In its decision 4A_596/2008 of October 6, 2009, the Swiss Supreme Court vacated and ordered the revision of an ICC Final Arbitral Award rendered on July 31, 1996 in the so-called “frigate-to-Taiwan” case. The Swiss Supreme Court considered that the findings in the French “ordonnance de non lieu” of October 1, 2008 — namely that Mr. Sirven committed a “fraud on the judgment” by submitting a false testimony in the ICC arbitration — were conclusive enough to order the revision of the Award.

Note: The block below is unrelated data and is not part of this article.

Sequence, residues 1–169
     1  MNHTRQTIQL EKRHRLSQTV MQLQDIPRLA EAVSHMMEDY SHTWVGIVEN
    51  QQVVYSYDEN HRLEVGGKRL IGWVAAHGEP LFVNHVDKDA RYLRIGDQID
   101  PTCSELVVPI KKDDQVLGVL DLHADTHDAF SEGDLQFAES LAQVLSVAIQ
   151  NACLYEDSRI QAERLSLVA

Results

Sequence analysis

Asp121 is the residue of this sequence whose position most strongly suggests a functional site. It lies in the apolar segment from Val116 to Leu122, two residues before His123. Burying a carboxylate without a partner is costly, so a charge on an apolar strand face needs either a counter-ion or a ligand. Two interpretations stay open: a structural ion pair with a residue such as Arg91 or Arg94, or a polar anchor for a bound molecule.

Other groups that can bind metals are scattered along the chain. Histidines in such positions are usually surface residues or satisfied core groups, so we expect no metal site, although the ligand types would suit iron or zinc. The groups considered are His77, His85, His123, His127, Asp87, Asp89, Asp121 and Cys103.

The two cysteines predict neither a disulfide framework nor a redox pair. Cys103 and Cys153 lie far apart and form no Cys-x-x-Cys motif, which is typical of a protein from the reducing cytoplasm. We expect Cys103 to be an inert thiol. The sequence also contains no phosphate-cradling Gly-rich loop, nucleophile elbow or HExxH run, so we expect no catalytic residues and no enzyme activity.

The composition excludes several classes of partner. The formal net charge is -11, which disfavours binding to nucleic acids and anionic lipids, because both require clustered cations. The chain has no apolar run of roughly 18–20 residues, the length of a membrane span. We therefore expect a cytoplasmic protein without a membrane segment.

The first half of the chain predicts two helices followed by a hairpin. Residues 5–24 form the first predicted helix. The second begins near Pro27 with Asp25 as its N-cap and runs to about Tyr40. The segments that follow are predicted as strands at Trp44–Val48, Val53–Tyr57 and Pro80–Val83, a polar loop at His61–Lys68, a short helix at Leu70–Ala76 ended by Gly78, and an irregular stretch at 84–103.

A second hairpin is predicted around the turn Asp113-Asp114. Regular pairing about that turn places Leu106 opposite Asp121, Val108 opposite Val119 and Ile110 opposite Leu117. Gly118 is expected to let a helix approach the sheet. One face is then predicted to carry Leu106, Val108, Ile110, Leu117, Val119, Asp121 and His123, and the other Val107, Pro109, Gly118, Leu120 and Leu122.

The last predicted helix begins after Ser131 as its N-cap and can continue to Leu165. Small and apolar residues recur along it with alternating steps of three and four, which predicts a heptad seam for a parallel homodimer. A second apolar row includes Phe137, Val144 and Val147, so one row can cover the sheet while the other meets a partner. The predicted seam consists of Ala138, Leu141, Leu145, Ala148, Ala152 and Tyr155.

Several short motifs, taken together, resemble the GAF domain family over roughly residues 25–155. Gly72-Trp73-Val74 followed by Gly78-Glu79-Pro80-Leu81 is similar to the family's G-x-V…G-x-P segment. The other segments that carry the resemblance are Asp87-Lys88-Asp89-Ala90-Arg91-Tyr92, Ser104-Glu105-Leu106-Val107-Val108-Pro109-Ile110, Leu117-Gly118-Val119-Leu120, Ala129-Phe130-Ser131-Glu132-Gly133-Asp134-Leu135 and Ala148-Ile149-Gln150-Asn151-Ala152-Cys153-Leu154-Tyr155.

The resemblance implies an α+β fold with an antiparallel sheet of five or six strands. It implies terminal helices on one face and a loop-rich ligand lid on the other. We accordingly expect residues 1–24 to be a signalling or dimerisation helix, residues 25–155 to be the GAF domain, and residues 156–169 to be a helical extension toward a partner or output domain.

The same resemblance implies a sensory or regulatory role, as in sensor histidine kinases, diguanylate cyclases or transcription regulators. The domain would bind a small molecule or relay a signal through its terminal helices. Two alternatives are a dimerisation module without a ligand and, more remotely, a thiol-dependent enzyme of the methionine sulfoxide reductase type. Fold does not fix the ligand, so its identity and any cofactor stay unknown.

Article 123(1) of the Swiss Supreme Court Act ( Loi sur le Tribunal Fédéral) allows for the revision of an award when criminal proceedings establish that the award was influenced, to the detriment of the petitioner, by a crime or a felony. This decision, which is the first one in which the Swiss Supreme Court sets aside an award on this legal basis, further clarifies the meaning of Article 123(1) in many respects and calls for some clarifications. Finally, this decision seems to bring this political saga to an end, as it is not anticipated that a new arbitration will be initiated.Journal of International Arbitration